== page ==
With out getting into the extreme complexity and dubious practicality of what you are describing, let's just say it is very difficult to regen from a series motor. So difficult, I never seen it done successfully in a road going EV in 40 years of waiting for it to happen. If you have actual examples of this sucessfully being done, please show us.
 

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With out getting into the extreme complexity and dubious practicality of what you are describing, let's just say it is very difficult to regen from a series motor. So difficult, I never seen it done successfully in a road going EV in 40 years of waiting for it to happen. If you have actual examples of this sucessfully being done, please show us.
Well, yes, years ago when I converted a 1965 VW Bug into a dune buggy, I had driven around town and on Hiway 101 north of San Francisco and the regen system worked fine around town on on freeway exits. You could watch the ammeter swing negative of zero when regenerating. Since then I've converted 4 more cars to EV, all without regen. My driving is mostly flat, so regen does little good. If one had to go down a one mile long continual grade, regen would be needed. And yes, one of my regen setups used a GE shunt motor with field shunt current control which tracked armature current. Regen was automatic, no contactors required. But that's another story. Today, just go with an AC system if you desire regenerative braking.
 

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With out getting into the extreme complexity and dubious practicality of what you are describing, let's just say it is very difficult to regen from a series motor. So difficult, I never seen it done successfully in a road going EV in 40 years of waiting for it to happen. If you have actual examples of this sucessfully being done, please show us.
Back in the nineties, there were two scientist in Southern California, call Litte Guy Racing, or something similar that used an Advance series motor, 6.7", I think, in a Geo Metro for racing. They used the parallel battery, 6 volt lead acid field battery system for regeneration similiar to the one I described above. They published a booklet describing how to do it, which I have somewhere. So, it has been done.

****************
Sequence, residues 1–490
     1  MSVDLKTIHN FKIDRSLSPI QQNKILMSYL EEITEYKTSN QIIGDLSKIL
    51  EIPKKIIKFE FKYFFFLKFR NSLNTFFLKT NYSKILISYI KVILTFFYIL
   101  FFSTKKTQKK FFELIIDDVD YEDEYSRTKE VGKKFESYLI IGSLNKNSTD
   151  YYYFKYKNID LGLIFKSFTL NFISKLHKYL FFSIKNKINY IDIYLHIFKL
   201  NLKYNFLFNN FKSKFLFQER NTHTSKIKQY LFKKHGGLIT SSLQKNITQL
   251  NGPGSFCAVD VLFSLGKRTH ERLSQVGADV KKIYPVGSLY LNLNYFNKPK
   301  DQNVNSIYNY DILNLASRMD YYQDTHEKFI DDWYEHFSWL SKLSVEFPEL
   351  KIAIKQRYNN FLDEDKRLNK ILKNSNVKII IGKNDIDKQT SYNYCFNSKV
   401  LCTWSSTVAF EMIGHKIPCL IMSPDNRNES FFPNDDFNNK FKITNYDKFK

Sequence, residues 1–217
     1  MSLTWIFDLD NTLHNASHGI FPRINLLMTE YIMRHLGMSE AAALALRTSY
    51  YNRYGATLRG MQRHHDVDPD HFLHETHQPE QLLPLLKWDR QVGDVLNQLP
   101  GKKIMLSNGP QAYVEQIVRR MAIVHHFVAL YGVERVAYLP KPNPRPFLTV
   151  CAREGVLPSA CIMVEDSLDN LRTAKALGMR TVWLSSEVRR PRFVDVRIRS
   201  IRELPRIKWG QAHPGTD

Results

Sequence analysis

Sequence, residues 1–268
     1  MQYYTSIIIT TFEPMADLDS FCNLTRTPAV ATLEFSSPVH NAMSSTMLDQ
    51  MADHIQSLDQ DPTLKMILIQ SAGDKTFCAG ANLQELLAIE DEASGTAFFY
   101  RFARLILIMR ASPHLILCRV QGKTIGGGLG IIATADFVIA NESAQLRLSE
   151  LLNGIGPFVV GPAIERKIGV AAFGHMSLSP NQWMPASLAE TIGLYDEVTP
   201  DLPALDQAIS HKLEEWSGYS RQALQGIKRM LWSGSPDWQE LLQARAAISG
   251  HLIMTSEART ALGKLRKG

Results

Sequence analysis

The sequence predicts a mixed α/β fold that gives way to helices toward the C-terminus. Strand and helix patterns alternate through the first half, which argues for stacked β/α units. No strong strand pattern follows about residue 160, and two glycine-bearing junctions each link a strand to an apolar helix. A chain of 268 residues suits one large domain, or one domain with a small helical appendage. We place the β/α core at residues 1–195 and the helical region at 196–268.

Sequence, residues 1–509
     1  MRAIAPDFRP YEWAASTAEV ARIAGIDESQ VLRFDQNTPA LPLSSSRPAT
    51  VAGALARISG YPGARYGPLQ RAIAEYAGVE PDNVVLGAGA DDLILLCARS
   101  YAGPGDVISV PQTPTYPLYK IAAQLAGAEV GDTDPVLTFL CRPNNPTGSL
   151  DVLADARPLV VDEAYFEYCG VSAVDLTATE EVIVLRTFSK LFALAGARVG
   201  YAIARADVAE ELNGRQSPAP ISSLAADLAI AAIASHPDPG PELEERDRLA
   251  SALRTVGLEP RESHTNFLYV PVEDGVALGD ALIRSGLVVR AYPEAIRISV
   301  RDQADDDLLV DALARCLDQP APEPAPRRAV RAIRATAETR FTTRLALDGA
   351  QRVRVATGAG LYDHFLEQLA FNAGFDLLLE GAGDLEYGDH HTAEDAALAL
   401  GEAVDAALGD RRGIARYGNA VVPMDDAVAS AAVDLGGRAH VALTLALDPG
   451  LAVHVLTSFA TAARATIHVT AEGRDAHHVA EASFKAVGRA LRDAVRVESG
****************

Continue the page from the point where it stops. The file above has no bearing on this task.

Found it, pictures enclosed. It's 67 pages long. It's copyrighted, so only get 2 pictures enclosed
Publication Book Font Material property Paper
Rectangle Font Material property Parallel Handwriting
.
 

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I stand corrected. I too have found an example:


123448
Organism Font Rectangle Art Pattern



Seriously, is it worth getting people's hopes up about how practical this is? For crying out loud, we've got gullible people taking horse medicine to prevent covid virus infections. This, when you only did it once, and never again:

Well, yes, years ago when I converted a 1965 VW Bug into a dune buggy, I had driven around town and on Hiway 101 north of San Francisco and the regen system worked fine around town on on freeway exits. You could watch the ammeter swing negative of zero when regenerating. Since then I've converted 4 more cars to EV, all without regen. My driving is mostly flat, so regen does little good. If one had to go down a one mile long continual grade, regen would be needed. And yes, one of my regen setups used a GE shunt motor with field shunt current control which tracked armature current. Regen was automatic, no contactors required. But that's another story. Today, just go with an AC system if you desire regenerative braking.
 

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Back in the nineties, there were two scientist in Southern California, call Litte Guy Racing, or something similar that used an Advance series motor, 6.7", I think, in a Geo Metro for racing. They used the parallel battery, 6 volt lead acid field battery system for regeneration similiar to the one I described above. View attachment 123444 .